The agreement with developers includes precedent-setting community benefits provisions to hire local workers, assure disadvantaged workers, including the formerly incarcerated, a chance for jobs, and involve the community in ensuring compliance. A jobs center is to provide all-around help to job seekers.

The former base, next to the Port of Oakland – the country’s fifth busiest container port – is to become a warehouse and goods movement facility. It is expected to bring thousands of new jobs to a city with 13.7 percent unemployment, with joblessness far greater in working-class communities of color.

Redevelopment plans, in the works for several years, have been the subject of lengthy negotiations involving labor, faith and community organizations, developers and City Council members

Community representatives involved in the talks said last-minute improvements in the agreement were reached in the week following a June 12 City Council committee meeting. At that meeting, many speakers expressed concern about loopholes regarding use of temporary workers and local hire requirements, and urged strengthening a “ban the box” provision so people don’t have to state a criminal conviction on their initial job application.

In a telephone interview, Nikki Fortunato Bas, executive director of the East Bay Alliance for a Sustainable Economy (EBASE), called the final agreement “definitely a momentous step toward putting folks to work and winning good standards for quality jobs in Oakland.” She said the pact’s provisions to extend living wage, local hire and limits on temp workers beyond the construction phase into the warehouse industry may be a national first.

EBASE is the convener of the 30-organization Revive Oakland! labor, faith and community coalition that has spoken for the community in the negotiations.

Though not all the labor and community groups’ demands were fully met, Bas said, their intense pressure during the past week “really moved the ball forward,” and work will continue to ensure the greatest possible access to all the new jobs.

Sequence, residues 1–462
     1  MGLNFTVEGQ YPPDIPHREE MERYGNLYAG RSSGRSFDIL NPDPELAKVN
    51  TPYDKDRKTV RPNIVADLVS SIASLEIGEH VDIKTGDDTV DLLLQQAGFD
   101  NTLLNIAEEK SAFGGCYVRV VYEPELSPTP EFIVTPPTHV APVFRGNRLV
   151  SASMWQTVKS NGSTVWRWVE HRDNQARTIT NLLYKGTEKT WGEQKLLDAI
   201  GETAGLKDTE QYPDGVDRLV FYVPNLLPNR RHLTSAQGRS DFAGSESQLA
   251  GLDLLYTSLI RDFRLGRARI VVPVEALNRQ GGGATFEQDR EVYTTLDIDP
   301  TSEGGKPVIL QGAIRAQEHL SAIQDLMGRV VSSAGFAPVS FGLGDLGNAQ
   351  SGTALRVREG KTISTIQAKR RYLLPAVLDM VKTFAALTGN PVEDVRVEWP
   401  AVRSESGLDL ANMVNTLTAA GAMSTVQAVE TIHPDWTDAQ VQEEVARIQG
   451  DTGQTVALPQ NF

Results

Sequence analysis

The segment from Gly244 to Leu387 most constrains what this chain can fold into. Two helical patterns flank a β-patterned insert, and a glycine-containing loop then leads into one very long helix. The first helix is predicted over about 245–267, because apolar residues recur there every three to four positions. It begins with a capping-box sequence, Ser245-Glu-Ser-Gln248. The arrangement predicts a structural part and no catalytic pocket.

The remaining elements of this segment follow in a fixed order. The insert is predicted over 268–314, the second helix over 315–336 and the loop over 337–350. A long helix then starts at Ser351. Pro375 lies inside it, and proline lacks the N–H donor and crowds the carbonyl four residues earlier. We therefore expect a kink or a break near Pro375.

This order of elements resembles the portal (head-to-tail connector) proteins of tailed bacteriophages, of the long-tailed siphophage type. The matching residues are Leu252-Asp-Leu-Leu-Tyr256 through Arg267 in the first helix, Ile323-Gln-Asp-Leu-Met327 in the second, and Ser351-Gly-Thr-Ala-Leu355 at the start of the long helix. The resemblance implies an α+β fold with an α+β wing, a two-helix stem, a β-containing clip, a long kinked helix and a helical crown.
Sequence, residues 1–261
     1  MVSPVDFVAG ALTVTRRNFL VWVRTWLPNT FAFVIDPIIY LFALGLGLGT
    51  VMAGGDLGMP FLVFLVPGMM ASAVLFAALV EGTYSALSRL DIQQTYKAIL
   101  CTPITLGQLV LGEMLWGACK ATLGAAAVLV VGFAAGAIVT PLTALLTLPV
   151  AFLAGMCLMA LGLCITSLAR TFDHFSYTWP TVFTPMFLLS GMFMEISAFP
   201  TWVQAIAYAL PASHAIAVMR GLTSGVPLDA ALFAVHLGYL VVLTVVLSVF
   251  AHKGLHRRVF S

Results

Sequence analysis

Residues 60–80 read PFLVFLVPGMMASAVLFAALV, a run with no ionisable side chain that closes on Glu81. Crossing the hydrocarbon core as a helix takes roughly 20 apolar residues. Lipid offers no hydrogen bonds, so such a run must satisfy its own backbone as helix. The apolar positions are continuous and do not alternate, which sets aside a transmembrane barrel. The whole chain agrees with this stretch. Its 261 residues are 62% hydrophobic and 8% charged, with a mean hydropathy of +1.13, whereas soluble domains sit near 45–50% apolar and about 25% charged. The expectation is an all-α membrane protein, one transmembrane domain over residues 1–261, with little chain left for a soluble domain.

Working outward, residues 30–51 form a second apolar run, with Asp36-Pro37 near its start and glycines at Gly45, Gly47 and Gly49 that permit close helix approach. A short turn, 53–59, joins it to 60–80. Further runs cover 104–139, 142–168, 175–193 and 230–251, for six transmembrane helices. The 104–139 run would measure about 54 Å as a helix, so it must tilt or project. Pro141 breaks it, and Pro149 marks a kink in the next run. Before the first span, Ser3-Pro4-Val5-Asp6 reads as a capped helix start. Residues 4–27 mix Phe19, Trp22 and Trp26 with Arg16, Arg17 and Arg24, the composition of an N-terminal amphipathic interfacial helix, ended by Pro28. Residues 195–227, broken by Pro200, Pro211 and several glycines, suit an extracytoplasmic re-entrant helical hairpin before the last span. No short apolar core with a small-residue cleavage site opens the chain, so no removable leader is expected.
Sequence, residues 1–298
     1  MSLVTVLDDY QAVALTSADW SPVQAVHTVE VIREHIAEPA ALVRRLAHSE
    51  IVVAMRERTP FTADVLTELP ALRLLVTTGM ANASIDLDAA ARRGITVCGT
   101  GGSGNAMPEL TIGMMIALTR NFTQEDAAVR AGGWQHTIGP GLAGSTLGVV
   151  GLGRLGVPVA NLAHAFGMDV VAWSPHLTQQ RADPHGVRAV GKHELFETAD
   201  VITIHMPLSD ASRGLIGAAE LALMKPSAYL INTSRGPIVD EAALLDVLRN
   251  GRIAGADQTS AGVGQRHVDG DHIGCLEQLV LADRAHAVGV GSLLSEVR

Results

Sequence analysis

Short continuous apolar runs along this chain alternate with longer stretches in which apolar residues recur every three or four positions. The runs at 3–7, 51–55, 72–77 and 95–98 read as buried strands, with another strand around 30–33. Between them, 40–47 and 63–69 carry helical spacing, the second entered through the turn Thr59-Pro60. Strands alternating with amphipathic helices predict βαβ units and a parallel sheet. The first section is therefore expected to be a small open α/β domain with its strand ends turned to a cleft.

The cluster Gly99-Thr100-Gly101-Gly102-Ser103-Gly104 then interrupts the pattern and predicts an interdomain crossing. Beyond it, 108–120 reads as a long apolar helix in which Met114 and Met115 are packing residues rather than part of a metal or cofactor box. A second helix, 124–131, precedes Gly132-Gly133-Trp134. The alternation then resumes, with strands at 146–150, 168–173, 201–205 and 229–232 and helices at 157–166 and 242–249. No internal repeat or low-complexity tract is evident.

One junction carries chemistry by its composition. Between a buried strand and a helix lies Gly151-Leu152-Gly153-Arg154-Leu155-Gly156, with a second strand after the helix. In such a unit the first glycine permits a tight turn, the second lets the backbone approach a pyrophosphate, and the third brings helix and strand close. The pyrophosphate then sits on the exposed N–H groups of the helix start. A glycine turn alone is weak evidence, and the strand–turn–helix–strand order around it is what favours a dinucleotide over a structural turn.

Some 143 people signed up to speak at the June 19 meeting. Many speakers stressed the urgency of “ban the box,” while others expressed concern that dangerous gaps still remained in local hire and temp worker regulations.

“This is really a proud day in Oakland,” Alameda Labor Council head Josie Camacho said as she called for a round of applause for the organizations that worked together to help achieve the new agreement. “This has not been easy, bringing together a coalition with the elected officials, city staff, developers, community stakeholders and the labor partners,” she said.

One of the most significant of the last-minute agreements is the oversight commission that is to be set up with community and labor representatives, to work with the city in ensuring compliance.

The redevelopment plan requires that all workers at the former base must be paid a living wage. At least half must be from Oakland, with emphasis on economically hard-hit neighborhoods.

During construction all new trade union apprenticeships are to go to Oakland residents, and a project labor agreement will ensure safe conditions and quality jobs.

Warehouse and operations jobs will have sharp limits on use of temp workers, a 50 percent local hire requirement for employers with 40 or more workers, and sharp limits on pre-screening for prior criminal records.

The Council’s June 19 action was the first of two votes; a final vote must still be taken on the project.

Photo: (PW/Marilyn Bechtel)